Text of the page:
I was able to do about half of what I had planned, so some of the scenes still need pasting into the manuscript.

And this is when I started telling this backstory! I wanted to share my novel writing progress with this blog’s readers. To do that, I first needed to catch you up to the present day.

Which I have – now!

Looking ahead

Now, it’s August, and my goal is to paste in the stragglers and start polishing up the scenes. I’ve also been drawing some of the scenes to help me visualize them. (It’s a lot easier for me to get into the atmosphere if I do!)

So I hope to share progress updates and some of the drawings (if they don’t give too much away) along the way.

(Oh, and if you’re wondering, I don’t have a title yet. That’s something I find difficult in general.)

Cunning Fire Fan Art

The two main characters from the webcomic Cunning Fire.

I wanted to do something fun and cute! So I drew the characters from a webcomic I’ve been reading. If you haven’t read it, you’re in for a treat, because you can do what I did, and binge-read the hundreds of pages that are already up. It’s a beautiful urban fantasy story about witches.

It’s made by Kaz Rowe, and they also have a great YouTube channel about LGBT+ history.

A recurring theme on my blog is becoming ‘fun things I found on YouTube’. I guess I spend a lot of time there!

City Council Meetings: The Next Sustainability Skill I’m After

I’ve written recently about the various sustainability skills I’m trying to build: mostly writing and advocacy. The next skill is advocating for change at the city level. This is a project I’m still working on, so there won’t be a “Success! Huzzah!”-type of ending to this post.

As I wrote in my recent letter to the editor, cities need to set science-based targets to work toward net-zero greenhouse gas emissions. I think setting targets is the most basic step toward making any progress.

Redondo Beach, where I live, is a pretty forward thinking place, but they haven’t joined the Race to Zero initiative (which involves making a net-zero pledge and setting science-based targets), unlike several nearby cities. So I started by writing to my council member to ask if the city would consider it.

While waiting to hear back, I also used my city’s customer service portal to get some information. Redondo Beach adopted a climate action plan an few years ago, and I wondered if maybe they were way ahead of me, in terms of planning.

I read the plan itself, and it was pretty solid. Lots of good ideas of measures to look into, including encouraging electric vehicles, greening the city, and the typical measures recommended by the UN and other bodies.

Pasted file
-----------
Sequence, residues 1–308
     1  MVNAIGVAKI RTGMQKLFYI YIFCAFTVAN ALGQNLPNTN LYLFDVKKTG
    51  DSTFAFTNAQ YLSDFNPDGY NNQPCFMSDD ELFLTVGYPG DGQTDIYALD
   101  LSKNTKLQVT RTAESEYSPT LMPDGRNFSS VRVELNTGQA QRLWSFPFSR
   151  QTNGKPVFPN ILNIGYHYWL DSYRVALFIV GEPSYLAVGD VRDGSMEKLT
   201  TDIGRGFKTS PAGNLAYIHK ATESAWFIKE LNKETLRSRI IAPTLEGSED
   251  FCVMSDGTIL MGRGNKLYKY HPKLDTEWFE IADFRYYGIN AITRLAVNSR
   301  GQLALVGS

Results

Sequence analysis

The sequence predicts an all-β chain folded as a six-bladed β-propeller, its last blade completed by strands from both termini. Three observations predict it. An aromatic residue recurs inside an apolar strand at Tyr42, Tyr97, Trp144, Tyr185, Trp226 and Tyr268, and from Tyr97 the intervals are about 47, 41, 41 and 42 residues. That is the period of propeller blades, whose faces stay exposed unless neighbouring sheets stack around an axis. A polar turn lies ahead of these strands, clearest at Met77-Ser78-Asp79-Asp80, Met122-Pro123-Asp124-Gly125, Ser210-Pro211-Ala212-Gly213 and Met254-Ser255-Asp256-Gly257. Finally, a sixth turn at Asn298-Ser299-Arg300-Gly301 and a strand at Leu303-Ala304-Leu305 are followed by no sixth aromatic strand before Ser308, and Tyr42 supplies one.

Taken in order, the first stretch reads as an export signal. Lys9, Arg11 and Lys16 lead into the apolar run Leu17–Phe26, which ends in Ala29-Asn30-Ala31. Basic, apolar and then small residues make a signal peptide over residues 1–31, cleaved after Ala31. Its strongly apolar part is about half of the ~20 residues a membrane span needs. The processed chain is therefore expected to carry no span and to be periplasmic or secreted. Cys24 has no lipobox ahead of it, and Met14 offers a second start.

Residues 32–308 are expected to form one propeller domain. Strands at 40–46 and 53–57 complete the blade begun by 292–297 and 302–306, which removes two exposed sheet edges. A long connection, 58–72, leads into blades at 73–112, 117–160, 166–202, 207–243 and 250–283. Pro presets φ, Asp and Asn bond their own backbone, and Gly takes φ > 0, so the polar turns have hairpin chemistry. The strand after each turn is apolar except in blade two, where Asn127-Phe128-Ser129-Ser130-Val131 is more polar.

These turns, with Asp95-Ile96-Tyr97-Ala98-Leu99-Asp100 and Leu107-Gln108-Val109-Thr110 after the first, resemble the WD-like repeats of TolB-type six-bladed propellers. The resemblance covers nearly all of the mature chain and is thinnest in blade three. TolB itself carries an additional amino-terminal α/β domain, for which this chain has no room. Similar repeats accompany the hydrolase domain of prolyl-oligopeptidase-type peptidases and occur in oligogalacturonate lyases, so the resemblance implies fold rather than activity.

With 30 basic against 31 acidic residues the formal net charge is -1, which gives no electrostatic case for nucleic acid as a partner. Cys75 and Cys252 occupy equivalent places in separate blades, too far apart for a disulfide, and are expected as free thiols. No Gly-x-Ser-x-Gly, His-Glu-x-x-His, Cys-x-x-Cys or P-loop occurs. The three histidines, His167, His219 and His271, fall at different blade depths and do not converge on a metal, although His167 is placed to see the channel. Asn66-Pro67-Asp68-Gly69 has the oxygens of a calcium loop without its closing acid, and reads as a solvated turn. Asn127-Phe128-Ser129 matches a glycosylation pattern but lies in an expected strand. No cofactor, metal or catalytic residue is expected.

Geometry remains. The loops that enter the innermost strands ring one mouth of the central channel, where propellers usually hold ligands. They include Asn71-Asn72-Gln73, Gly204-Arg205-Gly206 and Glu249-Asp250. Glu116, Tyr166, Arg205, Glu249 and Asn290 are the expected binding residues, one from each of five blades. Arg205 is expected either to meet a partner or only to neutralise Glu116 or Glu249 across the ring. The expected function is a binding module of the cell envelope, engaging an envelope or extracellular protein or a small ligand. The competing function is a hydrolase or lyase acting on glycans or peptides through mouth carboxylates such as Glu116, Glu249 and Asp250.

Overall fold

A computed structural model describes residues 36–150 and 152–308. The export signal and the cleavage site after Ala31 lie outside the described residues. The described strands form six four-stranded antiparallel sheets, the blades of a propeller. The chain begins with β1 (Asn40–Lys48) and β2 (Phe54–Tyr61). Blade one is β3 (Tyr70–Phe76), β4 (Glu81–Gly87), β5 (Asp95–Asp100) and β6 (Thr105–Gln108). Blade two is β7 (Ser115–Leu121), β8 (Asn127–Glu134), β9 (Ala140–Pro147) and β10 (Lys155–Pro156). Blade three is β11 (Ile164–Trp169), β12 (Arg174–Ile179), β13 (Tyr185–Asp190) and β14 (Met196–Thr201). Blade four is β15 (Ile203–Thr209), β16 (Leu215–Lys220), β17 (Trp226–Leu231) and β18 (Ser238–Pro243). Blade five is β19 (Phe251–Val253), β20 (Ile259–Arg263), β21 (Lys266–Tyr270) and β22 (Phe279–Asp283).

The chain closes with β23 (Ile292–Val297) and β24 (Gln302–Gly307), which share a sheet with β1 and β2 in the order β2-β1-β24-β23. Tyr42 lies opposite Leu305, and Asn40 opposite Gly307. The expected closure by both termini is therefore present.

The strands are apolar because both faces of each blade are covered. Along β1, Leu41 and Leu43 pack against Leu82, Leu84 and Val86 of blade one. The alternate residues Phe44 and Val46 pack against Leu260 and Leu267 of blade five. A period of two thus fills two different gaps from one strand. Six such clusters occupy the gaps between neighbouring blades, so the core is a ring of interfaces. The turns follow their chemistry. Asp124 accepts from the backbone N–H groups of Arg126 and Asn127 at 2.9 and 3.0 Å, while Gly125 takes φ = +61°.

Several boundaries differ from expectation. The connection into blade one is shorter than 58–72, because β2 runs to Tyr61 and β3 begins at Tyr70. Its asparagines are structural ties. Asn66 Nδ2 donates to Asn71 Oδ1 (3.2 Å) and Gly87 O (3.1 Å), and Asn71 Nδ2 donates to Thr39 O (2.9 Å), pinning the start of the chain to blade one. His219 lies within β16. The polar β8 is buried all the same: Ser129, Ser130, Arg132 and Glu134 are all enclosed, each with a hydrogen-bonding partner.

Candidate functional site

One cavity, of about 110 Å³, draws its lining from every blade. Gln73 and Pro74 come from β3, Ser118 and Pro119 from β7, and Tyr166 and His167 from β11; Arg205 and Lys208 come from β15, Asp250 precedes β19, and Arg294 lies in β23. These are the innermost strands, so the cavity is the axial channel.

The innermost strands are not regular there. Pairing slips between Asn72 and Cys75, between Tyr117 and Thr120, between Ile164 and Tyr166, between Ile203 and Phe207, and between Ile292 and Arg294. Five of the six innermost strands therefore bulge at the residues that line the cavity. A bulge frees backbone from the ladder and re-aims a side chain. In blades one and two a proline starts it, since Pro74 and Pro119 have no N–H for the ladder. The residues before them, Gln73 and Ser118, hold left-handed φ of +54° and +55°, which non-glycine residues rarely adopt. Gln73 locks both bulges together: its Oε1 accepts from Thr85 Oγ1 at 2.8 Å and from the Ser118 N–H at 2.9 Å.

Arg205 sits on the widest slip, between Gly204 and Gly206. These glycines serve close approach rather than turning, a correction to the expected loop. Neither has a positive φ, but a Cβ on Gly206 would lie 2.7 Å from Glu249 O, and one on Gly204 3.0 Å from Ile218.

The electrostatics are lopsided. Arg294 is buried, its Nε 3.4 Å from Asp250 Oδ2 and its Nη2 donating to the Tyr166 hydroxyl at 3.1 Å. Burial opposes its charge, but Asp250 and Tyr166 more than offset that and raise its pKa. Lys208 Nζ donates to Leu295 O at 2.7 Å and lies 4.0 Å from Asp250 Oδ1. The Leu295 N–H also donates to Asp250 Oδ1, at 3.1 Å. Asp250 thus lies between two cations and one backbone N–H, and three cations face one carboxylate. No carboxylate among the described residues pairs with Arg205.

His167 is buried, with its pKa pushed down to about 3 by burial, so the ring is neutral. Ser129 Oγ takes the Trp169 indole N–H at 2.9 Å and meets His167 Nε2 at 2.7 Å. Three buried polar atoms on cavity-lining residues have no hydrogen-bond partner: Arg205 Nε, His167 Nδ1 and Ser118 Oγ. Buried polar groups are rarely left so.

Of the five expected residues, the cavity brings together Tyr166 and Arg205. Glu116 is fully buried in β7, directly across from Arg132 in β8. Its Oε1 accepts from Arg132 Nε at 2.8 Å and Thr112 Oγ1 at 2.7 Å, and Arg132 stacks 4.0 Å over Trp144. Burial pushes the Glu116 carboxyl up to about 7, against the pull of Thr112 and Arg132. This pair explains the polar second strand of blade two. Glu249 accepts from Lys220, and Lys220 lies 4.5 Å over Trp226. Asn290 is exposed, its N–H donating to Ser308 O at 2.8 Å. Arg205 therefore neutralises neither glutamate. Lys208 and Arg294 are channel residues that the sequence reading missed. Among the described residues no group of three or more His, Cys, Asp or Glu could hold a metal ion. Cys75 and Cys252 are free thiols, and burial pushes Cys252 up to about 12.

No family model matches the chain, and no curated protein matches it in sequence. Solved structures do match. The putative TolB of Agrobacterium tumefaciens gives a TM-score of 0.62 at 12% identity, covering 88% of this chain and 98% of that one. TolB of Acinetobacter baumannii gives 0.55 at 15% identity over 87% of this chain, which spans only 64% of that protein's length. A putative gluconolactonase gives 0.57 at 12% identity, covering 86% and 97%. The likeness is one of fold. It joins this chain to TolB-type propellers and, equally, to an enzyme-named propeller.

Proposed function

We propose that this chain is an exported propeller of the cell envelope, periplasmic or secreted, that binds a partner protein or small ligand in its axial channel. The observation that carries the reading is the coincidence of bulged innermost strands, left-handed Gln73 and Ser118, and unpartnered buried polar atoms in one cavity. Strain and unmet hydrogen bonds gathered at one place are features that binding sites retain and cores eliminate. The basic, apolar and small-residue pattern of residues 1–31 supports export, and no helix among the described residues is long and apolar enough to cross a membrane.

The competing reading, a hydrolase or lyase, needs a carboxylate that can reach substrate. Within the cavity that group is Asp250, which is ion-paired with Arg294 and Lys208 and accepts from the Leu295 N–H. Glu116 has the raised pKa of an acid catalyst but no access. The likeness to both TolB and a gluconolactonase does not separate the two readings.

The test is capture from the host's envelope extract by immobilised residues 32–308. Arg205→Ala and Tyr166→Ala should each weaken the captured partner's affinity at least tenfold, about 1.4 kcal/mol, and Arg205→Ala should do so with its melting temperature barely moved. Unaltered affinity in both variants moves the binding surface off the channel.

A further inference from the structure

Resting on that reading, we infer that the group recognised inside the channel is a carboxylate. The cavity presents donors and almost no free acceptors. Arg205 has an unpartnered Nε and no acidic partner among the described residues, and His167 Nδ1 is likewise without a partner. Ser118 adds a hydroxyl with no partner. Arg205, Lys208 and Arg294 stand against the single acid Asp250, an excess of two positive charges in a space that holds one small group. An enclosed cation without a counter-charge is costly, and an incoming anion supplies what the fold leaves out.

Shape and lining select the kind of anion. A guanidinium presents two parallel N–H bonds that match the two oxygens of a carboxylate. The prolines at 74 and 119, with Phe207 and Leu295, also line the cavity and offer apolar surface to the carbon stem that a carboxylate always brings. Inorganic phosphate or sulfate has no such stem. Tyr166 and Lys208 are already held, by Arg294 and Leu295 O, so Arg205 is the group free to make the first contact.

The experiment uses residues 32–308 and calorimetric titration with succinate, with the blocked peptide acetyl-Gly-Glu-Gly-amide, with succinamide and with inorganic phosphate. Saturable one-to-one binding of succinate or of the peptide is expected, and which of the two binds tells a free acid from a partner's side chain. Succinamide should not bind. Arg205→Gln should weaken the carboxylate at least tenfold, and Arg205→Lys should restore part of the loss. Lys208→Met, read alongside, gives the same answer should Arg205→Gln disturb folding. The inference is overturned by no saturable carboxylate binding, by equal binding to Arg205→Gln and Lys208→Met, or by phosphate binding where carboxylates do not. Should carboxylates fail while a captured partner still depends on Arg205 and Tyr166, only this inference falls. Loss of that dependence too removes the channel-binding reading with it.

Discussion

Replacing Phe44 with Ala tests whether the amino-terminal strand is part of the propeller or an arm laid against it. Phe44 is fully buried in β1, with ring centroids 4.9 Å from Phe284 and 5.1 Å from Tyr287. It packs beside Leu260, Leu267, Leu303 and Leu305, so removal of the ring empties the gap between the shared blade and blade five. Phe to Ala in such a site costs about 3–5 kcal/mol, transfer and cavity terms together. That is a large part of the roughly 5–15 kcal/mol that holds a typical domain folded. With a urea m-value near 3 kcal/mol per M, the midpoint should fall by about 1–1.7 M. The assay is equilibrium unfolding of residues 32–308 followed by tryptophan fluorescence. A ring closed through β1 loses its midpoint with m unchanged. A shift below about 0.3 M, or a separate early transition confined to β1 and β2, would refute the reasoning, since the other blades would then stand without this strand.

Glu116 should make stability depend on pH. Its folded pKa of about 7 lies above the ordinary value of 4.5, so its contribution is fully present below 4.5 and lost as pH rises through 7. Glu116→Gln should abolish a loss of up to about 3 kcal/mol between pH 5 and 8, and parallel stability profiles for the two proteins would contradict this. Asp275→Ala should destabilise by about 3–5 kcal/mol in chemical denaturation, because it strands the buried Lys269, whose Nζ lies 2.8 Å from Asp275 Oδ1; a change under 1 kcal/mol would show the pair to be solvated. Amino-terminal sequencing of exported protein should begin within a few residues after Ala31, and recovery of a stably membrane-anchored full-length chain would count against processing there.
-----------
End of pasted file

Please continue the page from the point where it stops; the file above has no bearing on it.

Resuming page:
So I asked the city how implementation was going. And…

It hasn’t been going anywhere. See the public comment I made on a City Council Meeting agenda for details:

Deepti Kannapan
Submitted At: 6:20pm 08-09-22
At the end of the 2017 Climate Action Plan (, the next steps were listed as setting up a Climate Action Team and designating an Implementation Coordinator.
Per some information I received via customer service request, the Community Development Department is not aware of a Climate Action Team having been formed, and the Community Development Director doesn’t believe any further action was taken other than adopting it. I am waiting for similar information from the City Manager’s office.
I wanted to ask how we can follow through on the good foundation set in 2017, and see the proposed measures come to fruition.

eComments page

So… the plan was made five years ago, and then no action taken on it. I’m hoping that will change soon.

These city council meetings are hybrid in-person/virtual, so I made an eComment and then Iurked on Zoom. I guess I could have spoken my comment if I wanted. They read my comment aloud during the meeting! You watch the video here (just the few seconds where they read it). And kudos for a reasonably good pronunciation of my name.

* * *

I’m pretty new at this advocacy thing, so I’m reaching out to local environmental groups for help.

Some suggestions if you’re curious about trying this:

  • Did you know cities had customer service portals? Mine turned out to be pretty responsive! You need to check your city’s official site (which may be clunky and old-fashioned).
  • Here’s an article I read before going, to learn about why going to council meetings is a good idea for being civically engaged in general.
  • I was hoping the meeting would be zany like in Gilmore Girls, but it was not.

More to come as I continue to pursue this!

Nature Girl Series – Part 3

This is the third and final ink drawing in my Nature Girl series! (Here are parts 1 and 2.)

I did a bit more preparation for this one than the last – working out the perspective on the tree, since we’re looking at it from high up, and trying out a couple of different compositions in thumbnail form.

I like this one! Even though I can see its flaws, like the where’s-Waldo aspect of my character – she’s hard to spot. Or is that a sign of success? I integrated her into the landscape a bit too well.

I enjoyed making this series! It was fun getting ink all over my hands, working analog, and practicing new art skills. Now, I’m gearing up for another drawing series to do this quarter.

Do you like organizing your projects into series or challenges? I’d recommend trying it if you haven’t!